His reputation as a friend of Schubert has suffered severely from the assertions surrounding his role in the history of the ‘Unfinished’ Symphony. A grandson of Josef, Felix Hüttenbrenner, attempted to bring a fairer judgment to bear on Anselm, but his defence has never been fully accepted. Schubert in fact gave the manuscript of the symphony to Josef, probably in 1823, to pass on to Anselm as a token of thanks for securing for him honorary membership of the Steiermärkischer Musikverein. Josef kept the score for many years before it was taken to Graz, where Anselm arranged it for piano duet. As Anselm was not appointed Kapellmeister of the Musikverein until 1825, he could not himself have mounted a performance in 1823; nor did Schubert apparently envisage that possibility. It was not until 1865 that Johann Herbeck, in a visit to Ober-Andritz (described in the biography by his son Ludwig), took the score of the symphony from Anselm and conducted the first performance of the work in Vienna in December of that year.

The son of a wealthy landowner, and with influential friends, Hüttenbrenner was able to avoid the struggles of an impoverished composer. His compositions include operas, sacred and secular vocal music, symphonies, overtures, chamber music, keyboard music and solo songs; few of his works were published, though most survive in manuscript. Many of his songs are melodious and have accompaniments that reflect the text; they appear to have been modelled on Beethoven's songs, rather than those of Schubert. His first requiem, in C minor, was performed on a number of occasions in tribute to Schubert, including the memorial service on 23 December 1828.


(selective list)

most MSS in Felix Hüttenbrenner's private collection, Graz

MS catalogue of works in Hüttenbrenner collection and A-Wst


Die französische Einquartierung (comic op, K. Schütz), 1819, lost

Armella oder Die beiden Viceköniginnen (op, I. Kollmann), Graz, Franzenstheater, 6 Feb 1827, lost except for ov., 1 aria and lib

Genovefa (incid music, J.B. Frey), 1828

Lenore (op, 2, K.G. von Leitner and Kollmann, after G.A. Bürger), Graz, Franzenstheater, 22 April 1835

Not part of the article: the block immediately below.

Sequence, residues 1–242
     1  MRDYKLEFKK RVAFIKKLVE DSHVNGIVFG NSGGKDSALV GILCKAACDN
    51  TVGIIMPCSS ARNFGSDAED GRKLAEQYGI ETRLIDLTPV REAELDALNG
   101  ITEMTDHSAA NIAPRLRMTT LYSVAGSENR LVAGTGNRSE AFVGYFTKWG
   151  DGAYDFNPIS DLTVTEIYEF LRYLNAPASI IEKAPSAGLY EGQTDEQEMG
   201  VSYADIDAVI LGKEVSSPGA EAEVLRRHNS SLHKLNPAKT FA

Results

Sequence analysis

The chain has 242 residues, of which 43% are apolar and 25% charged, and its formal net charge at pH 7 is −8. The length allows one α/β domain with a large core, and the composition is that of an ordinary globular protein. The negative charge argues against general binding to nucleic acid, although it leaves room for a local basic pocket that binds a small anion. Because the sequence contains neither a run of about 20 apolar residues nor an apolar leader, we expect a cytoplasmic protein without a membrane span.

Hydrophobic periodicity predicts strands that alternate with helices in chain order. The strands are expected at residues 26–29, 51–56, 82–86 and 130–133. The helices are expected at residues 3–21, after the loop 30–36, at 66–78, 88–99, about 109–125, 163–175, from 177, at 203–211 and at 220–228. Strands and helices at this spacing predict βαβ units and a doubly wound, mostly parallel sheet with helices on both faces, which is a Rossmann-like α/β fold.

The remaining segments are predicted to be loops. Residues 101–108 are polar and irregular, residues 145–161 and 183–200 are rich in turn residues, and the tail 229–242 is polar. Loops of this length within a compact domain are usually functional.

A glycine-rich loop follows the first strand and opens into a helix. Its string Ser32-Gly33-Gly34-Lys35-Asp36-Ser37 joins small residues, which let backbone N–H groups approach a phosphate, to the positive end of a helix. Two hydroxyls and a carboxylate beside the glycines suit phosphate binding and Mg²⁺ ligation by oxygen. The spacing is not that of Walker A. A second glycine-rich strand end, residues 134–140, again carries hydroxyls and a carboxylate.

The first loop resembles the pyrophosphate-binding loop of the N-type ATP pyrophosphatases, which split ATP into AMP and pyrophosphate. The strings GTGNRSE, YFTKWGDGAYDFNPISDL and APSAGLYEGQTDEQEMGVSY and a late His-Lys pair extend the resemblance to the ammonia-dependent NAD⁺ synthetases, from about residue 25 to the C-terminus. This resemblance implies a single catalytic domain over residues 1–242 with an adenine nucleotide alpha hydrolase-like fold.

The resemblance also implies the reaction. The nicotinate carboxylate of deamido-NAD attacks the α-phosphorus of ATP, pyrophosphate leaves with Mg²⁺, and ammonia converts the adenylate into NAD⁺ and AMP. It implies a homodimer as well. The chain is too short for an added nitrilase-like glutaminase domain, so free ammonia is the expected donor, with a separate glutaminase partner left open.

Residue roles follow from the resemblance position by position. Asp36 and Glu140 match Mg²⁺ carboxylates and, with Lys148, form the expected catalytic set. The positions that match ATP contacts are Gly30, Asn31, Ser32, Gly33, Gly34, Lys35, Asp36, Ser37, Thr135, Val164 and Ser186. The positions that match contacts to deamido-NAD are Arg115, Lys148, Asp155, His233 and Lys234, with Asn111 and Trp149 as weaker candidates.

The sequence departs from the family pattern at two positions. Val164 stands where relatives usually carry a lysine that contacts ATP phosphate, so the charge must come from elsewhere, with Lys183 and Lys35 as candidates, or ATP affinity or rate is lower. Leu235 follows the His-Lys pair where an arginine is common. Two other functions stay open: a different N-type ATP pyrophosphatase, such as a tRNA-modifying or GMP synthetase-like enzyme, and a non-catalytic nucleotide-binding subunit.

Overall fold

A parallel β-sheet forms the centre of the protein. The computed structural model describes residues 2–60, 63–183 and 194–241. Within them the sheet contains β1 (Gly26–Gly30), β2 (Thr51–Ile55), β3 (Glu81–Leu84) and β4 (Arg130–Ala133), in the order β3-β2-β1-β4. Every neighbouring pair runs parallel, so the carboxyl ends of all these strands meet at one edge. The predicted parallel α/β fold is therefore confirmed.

Oedip zu Colonos (op, N.F. Guillard, trans. C. Herklots), 1836, ?unperf.

Der Rekrut (op, 3, Schütz), lost, mentioned in Grazer Tagespost (7 Aug 1863)

Die Drachenhöhle zu Röthelstein (comic operetta, Kollmann), lost

Claudine von Villa Bella (op, J.W. von Goethe), inc., lost except for ov. arr. pf 4 hands

other vocal

10 masses (4 lost); 4 requiems (1 lost); 7 grads, 3 offs, other sacred works

Grosser patriotischer Chor (Kollmann), 1825; Das Rolandslied, solo v, chorus, orch, 1830; Fest-Cantate zur Feier der Enthüllung der Franzens-Statue in Graz, vs (Graz, 1841); Oesterreichische Friedenshymne, 1850; c250 choruses, male vv, 1846–57 (some lost); choruses, qts, trios, duos (some lost); c220 solo songs to texts by Goethe, L. Uhland, Bürger, C.G. von Leitner, J.N. Vogl etc. (some lost)


Orch: 8 syms. (4 lost); numerous ovs. (some lost); vn concertino, 1846

Chbr music: qnt, c, 2 vn, 2 va, vc; str qt no.1, E, op.3 (Vienna, ?1816); str qt no.2, c, 1847; 2 caprices, vc, pf, op.6 (Vienna, 1822); Impromptu, vc, pf, 1852; Ungarisches Rondo, vn, pf, 1849; Elegie, vn, pf; Duett, 2 vn

Pf 4 hands: Rondo pastoral, op.8 (Vienna, c1825); Grande sonate, 1826; other works

Pf solo: 2 sonatas; preludes; fugues; variations; fantasias; character pieces; dances, incl. écossaises, polonaises and allemands; other works

Org: MSS in A-Wgm, Wn


C.G. von Leitner: Anselm Hüttenbrenner (Graz, 1868)

L. Herbeck: Johann Herbeck: ein Lebensbild (Vienna, 1885), 162–71

K. Kurth: Anselm Hüttenbrenner als Liederkomponist (diss., U. of Cologne, 1932)

O.E. Deutsche: ‘The Riddle of Schubert's Unfinished Symphony’, MR, i (1940), 36–53

H. Kundigraber: ‘Anselm Hüttenbrenner: ein steirischer Tondichter’, Grazer Tagespost (30 July 1942, 13 Oct 1944)

O.E. Deutsch: Schubert: die Erinnerungen seiner Freunde (Leipzig, 1957, 3/1974; Eng. trans., 1958)

F. Hüttenbrenner: ‘Anselm Hüttenbrenner und Schuberts H-moll Symphonie’, Zeitschrift des Historischen Vereines für Steiermark, lii (1961), 122–37

K. Steckl: ‘Zur Geschichte der Gedenktafel am Sterbehaus Anselm Hüttenbrenners’, Mitteilungen des Steirischen Tonkünstlerbundes, xxxv–xxxvi (1968), 4–11

D. Glawischnig: Anselm Hüttenbrenner, 1794–1868 (Graz, 1969)

W. Litschauer, ed.: Neue Dokumente zum Schubert-Kreis: aus Briefen und Tagebüchern seiner Freunde (Vienna, 1986)

T.G. Waidelich, ed.: Franz Schubert: Dokumente 1817–1830 (Tutzing, 1993)

P. Clive: Schubert and his World: a Biographical Dictionary (Oxford, 1997)

E. Hilmar and M. Jestremski, eds.: Schubert-Lexikon (Graz, 1997)